This is a quick and partial translation of an article from the Giornale 8 July 2011:
The British drink our beer, grappa is overtaking vodka in Russia, spumante is closing in on Champagne. Crazy!… The result of a wonderful trimester that has broken the depression of many managers in the country. Coldiretti have announced 11% growth in exports… with the biggest sales in wine rather than cars and bikes. It seems that Italy has more success at the table than out on the street. After the years of the Vespa, the Lambretta and the 500 now the index of satisfaction is to be found with Parma ham, with Parmesan and with the best wines: those, to be clear, that cost more than 30 euros. Pasta has been less successful, the fault of those damn 80 grams, the standard portion for our dieting times. In the first trimester of 2011 exports of food and drink reached seven billion euros while cars, motorbikes, tractors and other vehicles have stalled at 6.6%. Nor is this exceptional. In the last five years Italian agro-aliments have grown by 23%, while the sale of vehicles has fallen by 11%. There are curious sides to this like the invasion of Italian cheeses on the table of the French with a growth of 21% (from 57-69 million euros). France wants more wine (plus 26% for a total of 24 million euros)… As far as spumante orders are concerned, they have almost doubled (plus 78%) even if it is still way behind Champagne. Extraordinary exports to the UK, land of the pub and the microwave [ed!] Here Italian beers is coming close to 10 million euros thanks to a jump in orders of some 27%, above all in the traditional clear beers: double malt (that we are learning to make) remains a Danish affair. Surprisingly grappa exports are also on the rise in Russia, the land of Vodka (plus 76%) and pasta in China (plus 43 percent). In general all ‘Made in Italy’ agro-alimentary fields are in growth abroad with, at the head, fresh fruit and veg at 1.1 billion euros overtaking wine. Wine has grown by 14% on the export market with a value of 935 million euros. Olive oil 21% and cheeses 24%. Falling instead is pasta exports, stalled at 466 million euros… Then the new markets. In China we have a doubling (108%) of imports of Italian wine, while in India ‘only’ 65%. In the US where a fifth of produce is sold, our wines grow by 11 percent. We are still ahead of France that beats us though in desserts, pate and snails. But that is another story.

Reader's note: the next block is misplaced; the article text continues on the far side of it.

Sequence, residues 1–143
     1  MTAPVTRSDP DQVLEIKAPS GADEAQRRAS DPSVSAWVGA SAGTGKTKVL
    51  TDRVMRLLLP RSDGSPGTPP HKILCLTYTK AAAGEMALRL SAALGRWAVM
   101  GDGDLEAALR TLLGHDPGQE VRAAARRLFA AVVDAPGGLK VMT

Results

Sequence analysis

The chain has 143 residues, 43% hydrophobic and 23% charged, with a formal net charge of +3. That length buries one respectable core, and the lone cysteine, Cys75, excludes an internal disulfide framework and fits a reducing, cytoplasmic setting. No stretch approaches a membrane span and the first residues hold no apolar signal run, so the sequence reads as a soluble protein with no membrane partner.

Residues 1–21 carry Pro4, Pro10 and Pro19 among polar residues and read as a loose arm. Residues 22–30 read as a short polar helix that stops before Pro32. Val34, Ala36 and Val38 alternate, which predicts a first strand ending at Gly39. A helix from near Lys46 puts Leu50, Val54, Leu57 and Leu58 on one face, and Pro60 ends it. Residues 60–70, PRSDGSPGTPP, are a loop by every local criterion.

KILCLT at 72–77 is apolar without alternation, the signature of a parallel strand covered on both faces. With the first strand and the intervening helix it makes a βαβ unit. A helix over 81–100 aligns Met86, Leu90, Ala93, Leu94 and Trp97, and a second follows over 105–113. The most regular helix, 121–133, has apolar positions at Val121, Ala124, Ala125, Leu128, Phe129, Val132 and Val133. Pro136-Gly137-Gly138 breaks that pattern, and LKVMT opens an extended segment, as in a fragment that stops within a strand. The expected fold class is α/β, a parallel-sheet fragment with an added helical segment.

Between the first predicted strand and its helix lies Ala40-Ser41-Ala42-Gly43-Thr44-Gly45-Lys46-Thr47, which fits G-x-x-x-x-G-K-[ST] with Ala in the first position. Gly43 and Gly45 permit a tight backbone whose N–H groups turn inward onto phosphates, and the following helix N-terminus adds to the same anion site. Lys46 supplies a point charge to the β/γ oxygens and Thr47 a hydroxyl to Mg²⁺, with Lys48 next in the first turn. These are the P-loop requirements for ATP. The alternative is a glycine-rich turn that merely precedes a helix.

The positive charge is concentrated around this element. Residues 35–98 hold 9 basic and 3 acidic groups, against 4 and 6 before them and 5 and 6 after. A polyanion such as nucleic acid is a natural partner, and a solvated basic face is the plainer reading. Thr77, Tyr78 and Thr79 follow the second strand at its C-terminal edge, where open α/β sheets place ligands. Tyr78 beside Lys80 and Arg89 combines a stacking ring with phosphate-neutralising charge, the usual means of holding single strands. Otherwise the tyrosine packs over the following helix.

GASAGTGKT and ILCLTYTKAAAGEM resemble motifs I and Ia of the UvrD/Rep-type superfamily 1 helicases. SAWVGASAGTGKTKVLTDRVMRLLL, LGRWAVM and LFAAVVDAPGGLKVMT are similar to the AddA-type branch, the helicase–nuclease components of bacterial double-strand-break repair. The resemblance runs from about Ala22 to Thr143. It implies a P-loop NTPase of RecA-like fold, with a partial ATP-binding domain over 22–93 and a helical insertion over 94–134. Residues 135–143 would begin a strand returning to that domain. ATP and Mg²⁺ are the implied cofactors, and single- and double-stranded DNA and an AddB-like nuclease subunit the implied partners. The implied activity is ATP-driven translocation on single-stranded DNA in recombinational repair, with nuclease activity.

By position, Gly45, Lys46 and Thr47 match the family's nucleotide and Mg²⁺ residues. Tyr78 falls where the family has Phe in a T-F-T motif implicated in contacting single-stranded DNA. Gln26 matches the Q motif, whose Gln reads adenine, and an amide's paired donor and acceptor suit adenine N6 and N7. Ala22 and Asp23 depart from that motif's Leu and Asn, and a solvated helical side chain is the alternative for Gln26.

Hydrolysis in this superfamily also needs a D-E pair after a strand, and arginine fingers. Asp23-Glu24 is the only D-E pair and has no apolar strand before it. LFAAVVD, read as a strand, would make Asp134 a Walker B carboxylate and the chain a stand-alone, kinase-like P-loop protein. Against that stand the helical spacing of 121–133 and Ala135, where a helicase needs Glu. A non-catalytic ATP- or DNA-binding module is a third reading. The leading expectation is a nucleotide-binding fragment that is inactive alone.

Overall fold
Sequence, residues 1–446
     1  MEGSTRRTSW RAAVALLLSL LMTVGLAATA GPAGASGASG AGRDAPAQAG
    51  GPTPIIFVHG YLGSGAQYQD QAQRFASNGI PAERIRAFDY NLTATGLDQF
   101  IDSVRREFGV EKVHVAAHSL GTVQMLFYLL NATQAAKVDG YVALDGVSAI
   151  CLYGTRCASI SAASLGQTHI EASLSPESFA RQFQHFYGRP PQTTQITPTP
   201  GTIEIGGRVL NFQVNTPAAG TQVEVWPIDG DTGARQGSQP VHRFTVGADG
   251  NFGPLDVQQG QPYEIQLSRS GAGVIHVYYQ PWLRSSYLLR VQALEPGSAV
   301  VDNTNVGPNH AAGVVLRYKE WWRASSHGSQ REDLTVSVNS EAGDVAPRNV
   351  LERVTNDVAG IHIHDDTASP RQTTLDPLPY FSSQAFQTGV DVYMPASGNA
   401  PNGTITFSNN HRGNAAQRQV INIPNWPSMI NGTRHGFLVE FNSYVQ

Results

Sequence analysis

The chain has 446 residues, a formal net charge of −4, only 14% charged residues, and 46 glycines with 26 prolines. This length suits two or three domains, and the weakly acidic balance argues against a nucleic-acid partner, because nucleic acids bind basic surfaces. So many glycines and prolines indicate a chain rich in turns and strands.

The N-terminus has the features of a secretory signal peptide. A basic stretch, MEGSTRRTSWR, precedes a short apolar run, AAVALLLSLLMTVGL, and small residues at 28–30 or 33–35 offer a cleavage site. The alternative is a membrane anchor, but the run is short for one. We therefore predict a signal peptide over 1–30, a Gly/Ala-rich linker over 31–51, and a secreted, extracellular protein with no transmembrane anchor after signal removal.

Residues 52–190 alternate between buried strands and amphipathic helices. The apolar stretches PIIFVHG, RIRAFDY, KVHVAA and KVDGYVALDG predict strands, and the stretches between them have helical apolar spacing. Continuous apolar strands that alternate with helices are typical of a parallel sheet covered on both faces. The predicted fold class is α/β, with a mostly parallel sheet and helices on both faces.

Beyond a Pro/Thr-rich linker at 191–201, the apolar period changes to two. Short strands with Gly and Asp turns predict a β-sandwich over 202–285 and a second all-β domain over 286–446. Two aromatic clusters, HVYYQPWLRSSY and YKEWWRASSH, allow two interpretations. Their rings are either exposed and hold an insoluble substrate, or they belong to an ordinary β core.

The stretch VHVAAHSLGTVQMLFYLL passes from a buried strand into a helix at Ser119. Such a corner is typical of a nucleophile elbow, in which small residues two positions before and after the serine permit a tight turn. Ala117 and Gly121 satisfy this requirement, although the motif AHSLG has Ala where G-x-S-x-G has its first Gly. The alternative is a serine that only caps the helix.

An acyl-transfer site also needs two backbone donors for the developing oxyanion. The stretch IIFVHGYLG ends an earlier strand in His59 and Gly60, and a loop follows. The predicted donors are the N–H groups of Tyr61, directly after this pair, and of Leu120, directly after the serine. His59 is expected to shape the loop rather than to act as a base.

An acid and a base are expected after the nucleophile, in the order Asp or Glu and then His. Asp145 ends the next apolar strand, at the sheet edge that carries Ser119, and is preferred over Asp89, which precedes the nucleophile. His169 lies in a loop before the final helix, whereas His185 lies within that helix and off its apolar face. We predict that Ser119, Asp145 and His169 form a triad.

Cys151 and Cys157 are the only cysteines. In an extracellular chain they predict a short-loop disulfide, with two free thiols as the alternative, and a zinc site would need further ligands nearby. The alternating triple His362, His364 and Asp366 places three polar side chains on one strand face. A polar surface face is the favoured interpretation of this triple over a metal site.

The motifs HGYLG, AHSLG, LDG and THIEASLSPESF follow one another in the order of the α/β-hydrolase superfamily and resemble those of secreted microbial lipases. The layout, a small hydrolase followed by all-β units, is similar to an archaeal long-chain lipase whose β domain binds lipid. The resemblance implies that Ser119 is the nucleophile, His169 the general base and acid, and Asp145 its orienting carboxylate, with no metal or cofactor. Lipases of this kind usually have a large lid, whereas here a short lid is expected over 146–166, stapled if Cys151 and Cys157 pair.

SYTags: Business, Wine